“I made a commitment to find the best possible chief of police for Seattle, and that’s exactly what I have found in Kathleen O’Toole,” said Murray. “The Seattle police department deserves the best leadership possible to drive ongoing reform efforts – not for the sake of reform, and not even for the sake of compliance with the federal court, but because all individuals in this city deserve to feel safe and protected in their communities. We can be a national model for urban policing, and Kathleen O’Toole is the right choice to lead us there.”

“I am humbled and excited to have this extraordinary opportunity,” said O’Toole, who, if confirmed, would be Seattle’s first female chief of police. “I look forward to working with Mayor Murray, members of the Seattle Police Department and the community to restore trust and develop a police service second to none.”

O’Toole is a career police officer who has risen through the ranks of local and state policing. During her police career, she was assigned to numerous patrol, investigative, undercover, and supervisory and management positions, including service as Massachusetts Secretary of Public Safety (1994) and Boston Police Commissioner (2004). She was the first woman appointed to both positions.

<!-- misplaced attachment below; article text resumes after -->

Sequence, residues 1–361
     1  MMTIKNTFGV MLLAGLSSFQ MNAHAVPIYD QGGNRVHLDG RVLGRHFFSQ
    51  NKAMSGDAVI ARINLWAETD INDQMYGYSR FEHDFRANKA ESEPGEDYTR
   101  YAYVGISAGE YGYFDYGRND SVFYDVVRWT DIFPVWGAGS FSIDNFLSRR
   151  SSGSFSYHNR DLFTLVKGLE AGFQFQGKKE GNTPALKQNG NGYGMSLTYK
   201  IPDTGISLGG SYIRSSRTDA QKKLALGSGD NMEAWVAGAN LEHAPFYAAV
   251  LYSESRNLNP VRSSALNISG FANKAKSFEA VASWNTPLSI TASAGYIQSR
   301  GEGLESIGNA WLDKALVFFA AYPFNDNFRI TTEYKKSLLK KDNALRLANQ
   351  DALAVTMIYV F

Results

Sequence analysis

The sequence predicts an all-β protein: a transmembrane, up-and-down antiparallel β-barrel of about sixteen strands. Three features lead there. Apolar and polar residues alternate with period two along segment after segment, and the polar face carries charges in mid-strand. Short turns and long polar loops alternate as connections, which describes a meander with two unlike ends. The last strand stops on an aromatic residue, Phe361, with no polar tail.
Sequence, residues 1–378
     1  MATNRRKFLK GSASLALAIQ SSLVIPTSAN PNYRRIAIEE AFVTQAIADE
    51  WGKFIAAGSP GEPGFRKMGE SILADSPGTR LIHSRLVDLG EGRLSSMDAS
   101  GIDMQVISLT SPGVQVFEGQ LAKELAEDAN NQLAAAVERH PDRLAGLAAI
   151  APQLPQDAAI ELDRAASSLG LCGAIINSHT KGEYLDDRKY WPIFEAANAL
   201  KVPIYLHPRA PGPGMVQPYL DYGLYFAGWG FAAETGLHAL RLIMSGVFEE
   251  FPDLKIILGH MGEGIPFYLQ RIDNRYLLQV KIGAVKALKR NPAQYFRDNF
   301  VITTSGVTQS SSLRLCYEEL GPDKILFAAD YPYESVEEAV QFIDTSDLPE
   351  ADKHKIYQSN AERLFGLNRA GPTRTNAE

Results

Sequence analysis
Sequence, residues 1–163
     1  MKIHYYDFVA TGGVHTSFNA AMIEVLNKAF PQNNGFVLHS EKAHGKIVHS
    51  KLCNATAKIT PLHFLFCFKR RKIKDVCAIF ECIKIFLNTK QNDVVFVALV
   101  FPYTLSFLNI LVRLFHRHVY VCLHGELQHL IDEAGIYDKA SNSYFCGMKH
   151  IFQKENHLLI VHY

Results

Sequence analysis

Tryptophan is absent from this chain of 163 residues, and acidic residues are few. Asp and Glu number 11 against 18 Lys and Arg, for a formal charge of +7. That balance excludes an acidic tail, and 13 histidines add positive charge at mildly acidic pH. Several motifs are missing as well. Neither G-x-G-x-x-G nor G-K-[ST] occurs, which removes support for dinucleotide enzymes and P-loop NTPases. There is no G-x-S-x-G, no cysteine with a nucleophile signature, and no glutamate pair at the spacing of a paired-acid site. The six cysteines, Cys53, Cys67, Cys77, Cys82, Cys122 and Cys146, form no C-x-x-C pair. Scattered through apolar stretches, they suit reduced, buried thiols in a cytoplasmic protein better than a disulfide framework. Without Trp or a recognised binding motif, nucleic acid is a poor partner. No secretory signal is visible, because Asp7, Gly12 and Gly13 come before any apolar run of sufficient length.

O’Toole is also a lawyer who has earned an international reputation for her principled leadership and reform strategies. In 2012, O’Toole completed a six-year term as Chief Inspector of the Garda Siochana Inspectorate, an oversight body responsible for bringing reform and accountability to the 17,000 member Irish national police service.